The mouse is in the house |

The mouse is in the house

Wren Wertin
Special to the DailyEek-A-Mouse, a.k.a. Ripton Hylton, grew up in Trench Town, what he calls a first-class ghetto, in Kingston, Jamaica. He cut his first song at 17, and broke into the international reggae market seven years later. He's an irrepressible personality with as many costumes as voices, and he plays at 8150 tonight at 10.

Born Ripton Hylton, he is adept at donning a selection of vocal personalities and matching them with outlandish get-ups – gladiator, pirate, jockey, Mexican bandit, Chinese coolie or Vegas cowboy in head-to-toe crushed velvet. He’s got options, all of which are tailored to provide a sensory overload.

Hylton took the name Eek-A-Mouse after betting on a horse of the same name. He bet, he lost, he bet, he lost. After throwing away too much money too often, he learned his lesson and stopped betting. Naturally, the horse won the very next race against incredible odds, as he’d never finished a race before. His friends teased him with the name, and he took it as his own to show he could laugh at himself. He’s kept it with zeal.

Before Hylton came along, sing-jaying was unchartered territory. He is considered the originator of it, which is a combination of singing and DJing, referred to as “toasting” in Jamaica. He throws in his own assortment of inimitable vocal effects with a strong emphasis on social commentary and presto – it’s Eek-A-Mouse.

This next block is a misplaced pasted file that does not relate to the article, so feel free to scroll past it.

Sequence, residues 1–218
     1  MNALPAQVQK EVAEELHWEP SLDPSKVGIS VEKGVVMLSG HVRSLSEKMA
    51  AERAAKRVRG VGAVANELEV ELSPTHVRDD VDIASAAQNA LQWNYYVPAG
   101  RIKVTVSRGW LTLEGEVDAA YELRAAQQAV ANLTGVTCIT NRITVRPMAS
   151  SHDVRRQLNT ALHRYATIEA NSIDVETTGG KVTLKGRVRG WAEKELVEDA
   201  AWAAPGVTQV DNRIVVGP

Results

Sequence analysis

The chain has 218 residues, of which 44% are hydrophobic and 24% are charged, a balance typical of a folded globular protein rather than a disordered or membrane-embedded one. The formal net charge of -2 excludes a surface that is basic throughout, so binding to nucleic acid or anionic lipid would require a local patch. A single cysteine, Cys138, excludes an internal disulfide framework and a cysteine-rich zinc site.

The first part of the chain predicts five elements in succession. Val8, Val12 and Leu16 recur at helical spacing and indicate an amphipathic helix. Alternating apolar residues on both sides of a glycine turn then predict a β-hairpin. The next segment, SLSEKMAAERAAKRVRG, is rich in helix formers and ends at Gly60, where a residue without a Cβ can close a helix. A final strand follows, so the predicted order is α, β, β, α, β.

The 6-foot 6-inches tall musician is known for his elastic face. He’s a storyteller at heart, and his songs chronicle articulate dreams and scenarios. He might sing about eating sushi with a girl from Fiji, and follow it with a song detailing his desire to build castles for homeless people.

After Bob Marley’s death, musical mourners amassed at the Reggae Sunsplash in 1981. Hylton was not scheduled to play, but he convinced the organizers to let him open the festival, without pay. He took the stage with a, “Biddy biddy beng.” His snap-crackle-pop of sound rolled over the crowd, which echoed it back in a crescendo of agreement. “Biddy biddy beng” became the hallmark of the festival, and marked the moment when Hylton became an international star. He was booked for two consecutive nights for the 1982 festival.

Alona Wartofsky wrote in The Washington Post:

“Unlike most reggae artists, it’s not what he says… With a voice that’s the stuff of children’s nightmares, and often seems to have a life of its own, he squeaks, squawks, bing-bing-bings and dem-di-dems ad infinitum.”

The enormous performer will be in Vail at 8150 tonight at 10. For more information call 479-0607.

Wren Wertin can be reached via e-mail at or phone at 949-0555 ext. 618.

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